Your kingdom starts on the edge of a broad, shallow tropical sea. Your advisors say that a great source of food for your growing population is the plentiful shorefish that inhabit the shores of this sea and the strange ponds that dot the coastline. Your oldest sage thinks these ponds resulted from ancient reefs exposed when the water level dropped - but he is an old fool and has other crazy ideas. Anyway, the fish are just too plentiful to overlook as a food source. But get your army ready...to RUMBLE on those reefs!
Rumble Reefs is a new random map script with a unique feature - much of the shoreline is honeycombed with pockets of water which contain fish. The map looks a little like Baltic otherwise, with a central body of water.
On smaller map sizes especially the 'reefs' and pockets of water almost separate players, though the players are always connected. Another unique feature is several central jungle-covered islands. These are essentially unusable land, placed for structure to affect naval action and to increase the amount of shoreline. Although there is a tremendous amount of shorefish, there is only a modest amount of deep-sea fishing available. A typical boat-boom is not as effective on this map due to the limited deep sea fish, although boats can harvest the plentiful shorefish along the islands as well.
What civs are best for this map? Japanese(shorefishing like crazy with cheaper mills), Vikings(free wb and cheap docks), Aztecs(carry more resources/less walking time while shorefishing) and Mayans(longer lasting shorefish) will have a little more advantage from the shorefish than other civs, but the other resources are pretty standard so the Chinese, Mongols and Britons have their usual early advantages also.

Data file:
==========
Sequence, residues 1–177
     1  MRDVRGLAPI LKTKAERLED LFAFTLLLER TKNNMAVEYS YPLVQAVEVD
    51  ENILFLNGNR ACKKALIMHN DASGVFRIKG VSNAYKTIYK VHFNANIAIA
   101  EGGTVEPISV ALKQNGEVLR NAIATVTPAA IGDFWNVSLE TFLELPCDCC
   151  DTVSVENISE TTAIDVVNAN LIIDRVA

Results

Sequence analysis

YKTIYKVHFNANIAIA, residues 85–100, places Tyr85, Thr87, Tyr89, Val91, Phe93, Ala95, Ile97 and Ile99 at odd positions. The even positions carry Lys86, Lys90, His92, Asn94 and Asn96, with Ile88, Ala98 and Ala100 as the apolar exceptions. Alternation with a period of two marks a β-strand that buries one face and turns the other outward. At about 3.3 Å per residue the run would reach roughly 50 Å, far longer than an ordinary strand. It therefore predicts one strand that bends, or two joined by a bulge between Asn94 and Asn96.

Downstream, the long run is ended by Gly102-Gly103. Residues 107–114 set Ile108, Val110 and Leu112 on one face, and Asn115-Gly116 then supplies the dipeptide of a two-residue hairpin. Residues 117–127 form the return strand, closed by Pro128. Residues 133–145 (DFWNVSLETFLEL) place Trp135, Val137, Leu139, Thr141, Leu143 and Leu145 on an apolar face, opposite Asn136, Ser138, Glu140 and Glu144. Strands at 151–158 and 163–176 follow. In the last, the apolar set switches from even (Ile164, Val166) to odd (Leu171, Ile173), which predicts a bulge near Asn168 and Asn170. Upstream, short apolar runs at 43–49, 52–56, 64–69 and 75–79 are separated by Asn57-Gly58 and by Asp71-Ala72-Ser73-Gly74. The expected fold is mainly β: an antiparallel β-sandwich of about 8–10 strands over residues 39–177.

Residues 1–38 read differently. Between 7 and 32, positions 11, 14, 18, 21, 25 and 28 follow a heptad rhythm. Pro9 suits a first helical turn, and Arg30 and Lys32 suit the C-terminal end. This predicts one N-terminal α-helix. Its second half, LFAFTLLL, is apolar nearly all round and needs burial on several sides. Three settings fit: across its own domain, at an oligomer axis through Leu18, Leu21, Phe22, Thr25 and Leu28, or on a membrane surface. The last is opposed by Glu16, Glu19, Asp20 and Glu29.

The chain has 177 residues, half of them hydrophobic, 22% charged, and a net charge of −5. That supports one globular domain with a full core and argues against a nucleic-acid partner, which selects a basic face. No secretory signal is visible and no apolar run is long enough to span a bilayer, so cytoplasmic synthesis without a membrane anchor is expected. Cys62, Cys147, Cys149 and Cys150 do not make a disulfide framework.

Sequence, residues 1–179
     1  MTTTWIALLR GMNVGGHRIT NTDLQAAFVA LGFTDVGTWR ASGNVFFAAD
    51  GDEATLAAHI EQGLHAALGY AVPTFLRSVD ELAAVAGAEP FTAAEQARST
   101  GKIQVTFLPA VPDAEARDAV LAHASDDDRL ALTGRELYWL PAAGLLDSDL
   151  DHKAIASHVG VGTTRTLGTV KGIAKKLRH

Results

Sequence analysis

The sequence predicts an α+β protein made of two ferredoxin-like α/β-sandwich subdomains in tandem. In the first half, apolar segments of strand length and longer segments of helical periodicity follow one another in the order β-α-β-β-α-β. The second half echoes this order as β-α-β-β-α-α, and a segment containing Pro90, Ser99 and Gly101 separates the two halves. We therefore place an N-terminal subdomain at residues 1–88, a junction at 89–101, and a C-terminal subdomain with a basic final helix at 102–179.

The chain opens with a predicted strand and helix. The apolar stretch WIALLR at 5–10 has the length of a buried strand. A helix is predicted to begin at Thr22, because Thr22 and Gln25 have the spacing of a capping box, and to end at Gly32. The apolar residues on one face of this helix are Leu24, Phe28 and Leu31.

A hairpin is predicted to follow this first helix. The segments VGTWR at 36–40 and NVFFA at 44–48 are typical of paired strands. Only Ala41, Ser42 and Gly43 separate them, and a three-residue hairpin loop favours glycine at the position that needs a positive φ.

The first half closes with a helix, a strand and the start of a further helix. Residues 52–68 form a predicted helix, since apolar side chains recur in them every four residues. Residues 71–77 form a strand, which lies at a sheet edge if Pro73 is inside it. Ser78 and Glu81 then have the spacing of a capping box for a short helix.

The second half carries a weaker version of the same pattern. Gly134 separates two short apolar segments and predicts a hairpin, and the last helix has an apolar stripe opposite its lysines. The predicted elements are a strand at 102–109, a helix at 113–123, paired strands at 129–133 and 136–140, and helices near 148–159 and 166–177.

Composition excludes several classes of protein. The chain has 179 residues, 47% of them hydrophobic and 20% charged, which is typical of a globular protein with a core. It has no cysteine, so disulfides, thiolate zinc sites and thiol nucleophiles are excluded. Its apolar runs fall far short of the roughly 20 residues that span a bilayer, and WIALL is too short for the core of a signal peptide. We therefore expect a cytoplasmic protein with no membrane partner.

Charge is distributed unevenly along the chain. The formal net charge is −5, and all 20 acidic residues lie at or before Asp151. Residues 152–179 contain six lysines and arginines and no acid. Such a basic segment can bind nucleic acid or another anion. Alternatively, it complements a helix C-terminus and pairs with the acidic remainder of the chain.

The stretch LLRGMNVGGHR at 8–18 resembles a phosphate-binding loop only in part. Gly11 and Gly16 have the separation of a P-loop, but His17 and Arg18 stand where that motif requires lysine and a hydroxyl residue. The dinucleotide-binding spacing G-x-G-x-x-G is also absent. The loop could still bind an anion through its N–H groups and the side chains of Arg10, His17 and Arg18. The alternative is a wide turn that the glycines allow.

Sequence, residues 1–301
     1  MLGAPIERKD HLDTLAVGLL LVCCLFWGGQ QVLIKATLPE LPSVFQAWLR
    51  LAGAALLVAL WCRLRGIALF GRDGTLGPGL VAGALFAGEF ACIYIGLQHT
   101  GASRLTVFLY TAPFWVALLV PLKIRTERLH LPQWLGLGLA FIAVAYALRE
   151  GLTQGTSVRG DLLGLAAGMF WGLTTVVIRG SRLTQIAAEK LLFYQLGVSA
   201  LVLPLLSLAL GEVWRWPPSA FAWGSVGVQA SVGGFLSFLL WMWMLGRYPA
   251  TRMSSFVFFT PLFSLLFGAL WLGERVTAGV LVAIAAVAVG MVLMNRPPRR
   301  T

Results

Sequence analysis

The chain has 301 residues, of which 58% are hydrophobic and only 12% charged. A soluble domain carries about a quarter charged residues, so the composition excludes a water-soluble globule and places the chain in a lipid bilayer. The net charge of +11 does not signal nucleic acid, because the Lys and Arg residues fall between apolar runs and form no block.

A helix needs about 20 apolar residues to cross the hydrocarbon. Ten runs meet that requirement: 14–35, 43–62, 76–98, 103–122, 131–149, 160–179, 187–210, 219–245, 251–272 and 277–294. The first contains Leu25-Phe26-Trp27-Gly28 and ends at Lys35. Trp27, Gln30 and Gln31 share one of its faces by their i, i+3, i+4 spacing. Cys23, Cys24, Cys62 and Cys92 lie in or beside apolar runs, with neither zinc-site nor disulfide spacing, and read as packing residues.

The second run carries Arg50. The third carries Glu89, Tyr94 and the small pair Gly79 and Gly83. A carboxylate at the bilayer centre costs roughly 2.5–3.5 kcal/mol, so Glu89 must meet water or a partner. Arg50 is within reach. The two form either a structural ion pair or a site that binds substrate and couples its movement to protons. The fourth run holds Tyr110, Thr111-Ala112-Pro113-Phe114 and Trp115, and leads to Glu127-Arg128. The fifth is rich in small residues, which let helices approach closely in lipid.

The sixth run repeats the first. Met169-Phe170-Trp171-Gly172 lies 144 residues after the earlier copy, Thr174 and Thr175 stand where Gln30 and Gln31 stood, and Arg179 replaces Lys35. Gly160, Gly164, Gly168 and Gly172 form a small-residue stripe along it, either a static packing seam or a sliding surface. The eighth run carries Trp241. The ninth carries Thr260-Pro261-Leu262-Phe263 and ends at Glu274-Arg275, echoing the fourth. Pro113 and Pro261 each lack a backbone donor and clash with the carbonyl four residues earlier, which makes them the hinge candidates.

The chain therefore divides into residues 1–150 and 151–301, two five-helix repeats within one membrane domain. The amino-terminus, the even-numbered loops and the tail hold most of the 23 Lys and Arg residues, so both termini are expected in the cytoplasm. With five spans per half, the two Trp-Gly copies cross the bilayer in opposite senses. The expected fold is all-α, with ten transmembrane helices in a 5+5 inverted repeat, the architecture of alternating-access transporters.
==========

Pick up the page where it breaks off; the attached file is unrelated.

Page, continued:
It is possible to try to play this map defensively to a point by walling off some of the reefs or narrow land connections, but as in all water maps you are still vulnerable to water-based landings.
NOTE: With this map it is important to play on a map size consistant with the number of players. Playing with a map size too small for the player number will cause straight borders of some of the player bases(losing some of the shoreline effect) and cause too little land per player, with the possible result of dropping gold or stone for some players.
Note that rarely on larger maps one or more player's starting areas may be almost surrounded by reefs and ponds - somewhat limiting his free open land but compensating him with huge shore-fishing opportunities.
See this site for description with graphics: http://mrfixitonline.com/readPosting.asp?PostingId=501208